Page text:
As the hype around NFT art reaches a crescendo, here’s how we may have to shift our thinking as more artists venture into this crypto-fuelled world
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“Let’s be honest, the NFT art world would not be having the trajectory it is, if Metakovan and Twobadour did not spend close to $70 million worth of crypto on Beeple’s Everydays: The First 5000 Days,” says Amrita Sethi, “That figure alone is enough for artists to start delving into the virtual NFT art space.”
Amrita, having been a banker for many years is aware of the economics and hefty financing required to get NFT off the ground. She points out the reason prices are sky-high at the moment is the virtual world understands how much of a pivotal moment this is for society — this is then priced into the virtual art market. The artist has even divided timelines into two: B.B. as ‘Before Beeple’ and A.B. as ‘After Beeple’, similar to those of B.C. and A.D. — who knows, this might even catch on.
Read More | Interview with Twobadour on co-buying Beeple’s Everydays: The First 5000 Days
An NFT (non-fungible token) is a unit of data stored on the Ethereum blockchain. NFT art sees original artwork linked to the NFT, as a form of certification that the artwork is original, so the digital art can be replicated but the token cannot. Naturally, when the Beeple piece sold for tens of millions of dollars, a wave of artists got into it. Now, the hype is real but are artists’ expectations realistic?
MetroPlus speaks with artists working closely with the NFT world, about how artists should strategise and be prepared for unpredictable changes in this new space.
In the know
Based in Bengaluru, Raghava KK is not just an artist — he is a storyteller, a researcher and a technologist obsessed with Artificial Intelligence. An early crypto investor, he was one of the few people in India who saw scope for art investment in this space; he had examined a lot of it in terms of aesthetics, patronage, what it would liberate for the art world, and even how it can cause a lot of harm.
“This disruptive technology has the potential to create utopias and dystopias — as with any technology. Six years ago, I put together a 200-year plan for art but it was not called NFT back then, it was ‘standardised encryption for digital assets’,” he shares.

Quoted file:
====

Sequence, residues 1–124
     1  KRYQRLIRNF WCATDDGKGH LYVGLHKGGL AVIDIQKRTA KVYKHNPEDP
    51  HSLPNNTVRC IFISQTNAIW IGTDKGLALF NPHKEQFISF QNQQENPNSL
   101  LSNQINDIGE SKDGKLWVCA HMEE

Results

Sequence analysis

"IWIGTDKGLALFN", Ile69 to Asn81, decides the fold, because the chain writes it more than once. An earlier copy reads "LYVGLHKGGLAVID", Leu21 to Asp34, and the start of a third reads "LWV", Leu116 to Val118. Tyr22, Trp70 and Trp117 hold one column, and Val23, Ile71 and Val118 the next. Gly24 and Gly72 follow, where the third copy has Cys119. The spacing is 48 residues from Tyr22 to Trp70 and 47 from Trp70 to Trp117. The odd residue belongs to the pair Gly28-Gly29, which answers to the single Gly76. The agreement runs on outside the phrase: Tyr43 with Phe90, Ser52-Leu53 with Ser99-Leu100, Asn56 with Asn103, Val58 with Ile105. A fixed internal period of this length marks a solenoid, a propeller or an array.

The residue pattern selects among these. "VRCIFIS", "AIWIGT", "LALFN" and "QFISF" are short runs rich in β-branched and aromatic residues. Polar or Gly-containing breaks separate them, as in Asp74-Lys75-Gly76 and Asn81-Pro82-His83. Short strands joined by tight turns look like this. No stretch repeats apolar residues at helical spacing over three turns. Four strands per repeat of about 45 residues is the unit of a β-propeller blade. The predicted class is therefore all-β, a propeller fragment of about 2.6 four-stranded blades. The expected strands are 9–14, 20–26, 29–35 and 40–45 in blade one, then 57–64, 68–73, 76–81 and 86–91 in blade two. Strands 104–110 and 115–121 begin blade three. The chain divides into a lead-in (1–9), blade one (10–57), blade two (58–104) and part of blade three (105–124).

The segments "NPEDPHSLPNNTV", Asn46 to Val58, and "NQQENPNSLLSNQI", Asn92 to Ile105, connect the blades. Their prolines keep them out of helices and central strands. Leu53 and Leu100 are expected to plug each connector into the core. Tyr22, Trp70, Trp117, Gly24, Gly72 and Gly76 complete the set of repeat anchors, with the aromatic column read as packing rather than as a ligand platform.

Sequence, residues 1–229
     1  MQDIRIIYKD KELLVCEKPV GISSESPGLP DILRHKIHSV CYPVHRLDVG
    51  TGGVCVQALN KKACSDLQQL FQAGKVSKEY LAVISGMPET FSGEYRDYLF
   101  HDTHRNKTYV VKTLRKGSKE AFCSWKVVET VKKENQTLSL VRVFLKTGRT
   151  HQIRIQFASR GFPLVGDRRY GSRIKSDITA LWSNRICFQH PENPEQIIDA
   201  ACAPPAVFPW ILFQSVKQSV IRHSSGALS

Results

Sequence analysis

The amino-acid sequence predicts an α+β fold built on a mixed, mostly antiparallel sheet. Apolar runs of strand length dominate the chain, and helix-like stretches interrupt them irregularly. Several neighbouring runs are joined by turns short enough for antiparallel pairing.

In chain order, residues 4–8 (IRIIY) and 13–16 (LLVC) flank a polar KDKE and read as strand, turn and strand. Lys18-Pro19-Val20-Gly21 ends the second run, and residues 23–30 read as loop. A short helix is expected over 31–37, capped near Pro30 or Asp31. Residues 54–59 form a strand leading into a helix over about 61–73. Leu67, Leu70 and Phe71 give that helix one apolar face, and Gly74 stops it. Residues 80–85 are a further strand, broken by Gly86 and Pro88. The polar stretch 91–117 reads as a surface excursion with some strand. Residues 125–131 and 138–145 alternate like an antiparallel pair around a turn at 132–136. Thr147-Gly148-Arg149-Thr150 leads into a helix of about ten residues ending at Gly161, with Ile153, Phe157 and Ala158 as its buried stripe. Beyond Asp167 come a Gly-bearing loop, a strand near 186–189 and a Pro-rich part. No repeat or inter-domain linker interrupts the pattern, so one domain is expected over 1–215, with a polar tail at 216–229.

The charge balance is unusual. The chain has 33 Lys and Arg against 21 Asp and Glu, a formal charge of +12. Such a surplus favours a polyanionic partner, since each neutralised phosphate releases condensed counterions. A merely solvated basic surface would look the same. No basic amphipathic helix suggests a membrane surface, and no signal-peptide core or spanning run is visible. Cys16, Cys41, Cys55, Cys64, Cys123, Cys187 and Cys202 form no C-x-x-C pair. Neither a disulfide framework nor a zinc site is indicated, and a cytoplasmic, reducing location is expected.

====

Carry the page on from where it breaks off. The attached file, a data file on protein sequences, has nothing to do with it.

Raghava says artists should know the history; there is a rich and complex one.
Raghava KK | Photo Credit: Mohit Damani
One early example is Denmark’s Bank of International Art Money established in 1998 by Lars Kreammer and Flemming Vincent. Artists were invited to mint their own currency (literally called Art Money) and exchange it amongst themselves. Eventually, they got local stores to start accepting it, and this spread to other countries. Raghava decided to bring it to India, by which time a few artists were on board. Unfortunately, BIAM got halted and disassembled once the Danish Government sued them for using the word ‘bank’. This inspired the thought of artists finally engaging with the world on their own terms and making good money for their hard work,” he explains.
Then there is Sedition Art, one of the world’s first digital art marketplaces where artists such as Yoko Ono and Damian Hurst hosted their works; Raghava also joined in. But Sedition did not have the take-off artists quite hoped for. In the early 2000s, the gaming industry stepped into the world of digital assets and micro-transactions where gamers could purchase avatars and skins for use in the virtual world. Raghava sees this moment as a game-changer (pun intended) for digital art. But NFT art still would not happen for years to come and when it did, Raghava was fuelled up to take part again. “I did not join because of FOMO, but for the intent,” he avers.
There is a growing community of NFT artists in India. For example, on Instagram account @CryptoArtIndia features dozens of artists registered on various marketplaces. The account itself helps market these artists’ works.
Read More | Indian digital artists are exploring the latest craze: Crypto art
Amrita is known in traditional art circles as the banker who became an NFT artist but in the virtual world she is known as a traditional artist who became an NFT artist. She is also the United Arab Emirates’ first NFT artist. Her mixed media work sees soundwave art created with striking visuals; these soundwaves can be played via a QR code. Though she had created her work digitally, there are physical manifestations of them as seen at international art shows in Dubai and Hong Kong.
Amrita Sethi at a showing for her mixed media artworks | Photo Credit: STUDIO K